SAMHSA's Resource Center to Promote Acceptance, Dignity and Social Inclusion Associated with Mental Health
Social inclusion occurs when individuals and entire communities of people have access to rights, opportunities, and resources that are usually available to members of American society. People with mental health and substance use problems are more likely to fully recover and rebuild their lives when they have access not only to care and services, but also to social, economic, educational, recreational, and cultural opportunities that most citizens take for granted. A socially inclusive society also provides opportunities for individuals in recovery to contribute to their communities as peers, employees, parents, residents, students, volunteers, teachers, and active citizens. Social inclusion provides a policy framework to make this vision a reality.
The SAMHSA ADS Center invites you to a FREE teleconference training to learn about three innovative community programs that are improving lives, changing communities, and transforming systems through social inclusion practices. The training will highlight the promising practices of the 2010 Campaign for Social Inclusion Award recipients, including:
• SC SHARE's Dream Team, which is reaching thousands of young people throughout South Carolina through partnerships with key government, faith, and community leaders. The Dream Team uses lived experience to show that there is hope; that a full, productive life can be the expectation; and that recovery is possible.
• Heartland Consumer Network's Poetry for Personal Power, which is changing lives and influencing educational systems by bringing open mic spoken poetry competitions to colleges throughout Missouri. This program is offering young people with mental health and substance use problems the chance to use personal experience and creativity to inspire others.
• Advocacy Unlimited, Inc., which developed a 30-minute documentary titled Shining Stars - Young Adults in Recovery to give a voice to young people with mental health and substance use problems who teach about what recovery looks like and the important role all of us play in supporting each other. This program will be featured during a public viewing of the documentary in June at the State Legislative Office Building in Connecticut.
These SAMHSA-supported community-based efforts will demonstrate how social inclusion programs improve lives, communities, and systems. Participants will also learn how they can apply for the 2011 Campaign for Social Inclusion Awards and become a pioneer for building a socially inclusive America.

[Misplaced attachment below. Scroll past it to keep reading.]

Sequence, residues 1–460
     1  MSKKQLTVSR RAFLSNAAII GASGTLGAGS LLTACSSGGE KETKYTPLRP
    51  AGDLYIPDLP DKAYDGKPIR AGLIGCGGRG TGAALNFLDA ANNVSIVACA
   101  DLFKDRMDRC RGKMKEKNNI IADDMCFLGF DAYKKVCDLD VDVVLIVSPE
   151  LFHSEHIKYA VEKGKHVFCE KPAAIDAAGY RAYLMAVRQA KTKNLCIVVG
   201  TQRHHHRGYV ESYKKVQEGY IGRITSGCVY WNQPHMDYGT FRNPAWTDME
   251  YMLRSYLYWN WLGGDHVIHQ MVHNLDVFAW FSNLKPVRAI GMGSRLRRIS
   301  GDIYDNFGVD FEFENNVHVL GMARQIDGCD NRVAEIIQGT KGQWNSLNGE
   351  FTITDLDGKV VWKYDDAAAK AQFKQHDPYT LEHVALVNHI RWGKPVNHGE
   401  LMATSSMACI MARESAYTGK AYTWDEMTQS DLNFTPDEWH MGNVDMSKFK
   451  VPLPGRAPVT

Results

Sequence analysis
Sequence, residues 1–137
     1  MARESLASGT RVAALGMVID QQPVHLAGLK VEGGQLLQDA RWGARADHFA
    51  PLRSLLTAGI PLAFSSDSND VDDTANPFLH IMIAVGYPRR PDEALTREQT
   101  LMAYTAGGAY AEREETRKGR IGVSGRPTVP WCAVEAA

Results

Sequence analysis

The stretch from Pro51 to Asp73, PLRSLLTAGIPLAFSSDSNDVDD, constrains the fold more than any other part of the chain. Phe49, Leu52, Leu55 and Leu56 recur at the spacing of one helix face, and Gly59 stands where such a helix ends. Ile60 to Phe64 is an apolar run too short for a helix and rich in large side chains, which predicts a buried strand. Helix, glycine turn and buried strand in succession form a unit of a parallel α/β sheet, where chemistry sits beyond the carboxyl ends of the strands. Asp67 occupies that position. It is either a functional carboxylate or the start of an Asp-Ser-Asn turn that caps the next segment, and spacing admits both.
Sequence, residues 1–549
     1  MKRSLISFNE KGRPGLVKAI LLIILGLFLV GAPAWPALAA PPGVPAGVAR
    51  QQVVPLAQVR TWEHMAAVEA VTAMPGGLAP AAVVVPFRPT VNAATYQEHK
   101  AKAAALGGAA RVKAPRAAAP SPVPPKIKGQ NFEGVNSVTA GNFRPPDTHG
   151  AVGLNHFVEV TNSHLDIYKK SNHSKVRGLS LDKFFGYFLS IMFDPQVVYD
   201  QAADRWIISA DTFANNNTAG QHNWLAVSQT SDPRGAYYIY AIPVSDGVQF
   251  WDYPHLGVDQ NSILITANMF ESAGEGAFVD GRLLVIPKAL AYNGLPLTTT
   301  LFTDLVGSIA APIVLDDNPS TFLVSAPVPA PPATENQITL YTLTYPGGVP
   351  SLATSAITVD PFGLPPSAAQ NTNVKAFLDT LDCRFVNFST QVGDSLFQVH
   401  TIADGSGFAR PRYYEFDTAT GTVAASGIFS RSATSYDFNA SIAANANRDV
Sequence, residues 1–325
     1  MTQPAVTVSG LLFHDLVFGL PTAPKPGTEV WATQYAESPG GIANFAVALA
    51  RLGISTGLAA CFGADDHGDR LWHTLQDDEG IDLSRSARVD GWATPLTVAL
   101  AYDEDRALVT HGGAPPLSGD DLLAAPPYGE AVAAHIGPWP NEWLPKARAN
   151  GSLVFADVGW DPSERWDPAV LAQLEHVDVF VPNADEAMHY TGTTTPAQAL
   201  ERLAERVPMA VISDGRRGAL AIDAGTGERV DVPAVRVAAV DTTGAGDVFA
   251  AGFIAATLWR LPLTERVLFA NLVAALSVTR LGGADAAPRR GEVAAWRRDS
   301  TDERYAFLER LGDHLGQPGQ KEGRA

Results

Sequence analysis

On April 27, 2011, at 2 p.m. (eastern time), in commemoration of National Child Abuse Prevention Month, the Office for Victims of Crime (OVC), in coordination with the Office of Juvenile Justice and Delinquency Prevention, will present a Web Forum discussion with Curtis Allen and Andrea Cardona on using therapy dogs to respond to child victims. Detective Allen of the Tooele County Sheriff’s Office in Utah is a member of the county’s Children’s Justice Center (CJC) multidisciplinary team. For the past 3 years, he has also managed CJC’s Healing Paws Program, which provides canine companions to comfort children who are victims of abuse before, during, and after they participate in justice-related interviews. Healing Paws is a unique program that trains dogs to accompany children into interviews without their handlers present, and Detective Allen created the standards by which dogs are evaluated before they are accepted into the program. Ms. Cardona is a sexual assault counselor for children and teens, and the founder of FLA Four Legged Advocates, Inc., a nonprofit organization that provides volunteer advocates and service dogs to assist child victims of sexual assault. Following her own sexual assault at age 17, Ms. Cardona found great comfort in the companionship of her dog, so she began taking her service dog with her when she accompanied victims to counseling sessions and trials. She discovered that the dog’s presence comforted the young people and eased their fears. Ms. Cardona’s methods have received national attention and have been replicated throughout the country with victims of all ages and of varying crimes.
This site is supported by Grant/ Cooperative Agreement No. 1UF2CE002359-01 from the Centers for Disease Control and Prevention. Its contents are solely the responsibility of the authors and do not necessarily represent the official views of the Centers for Disease Control and Prevention.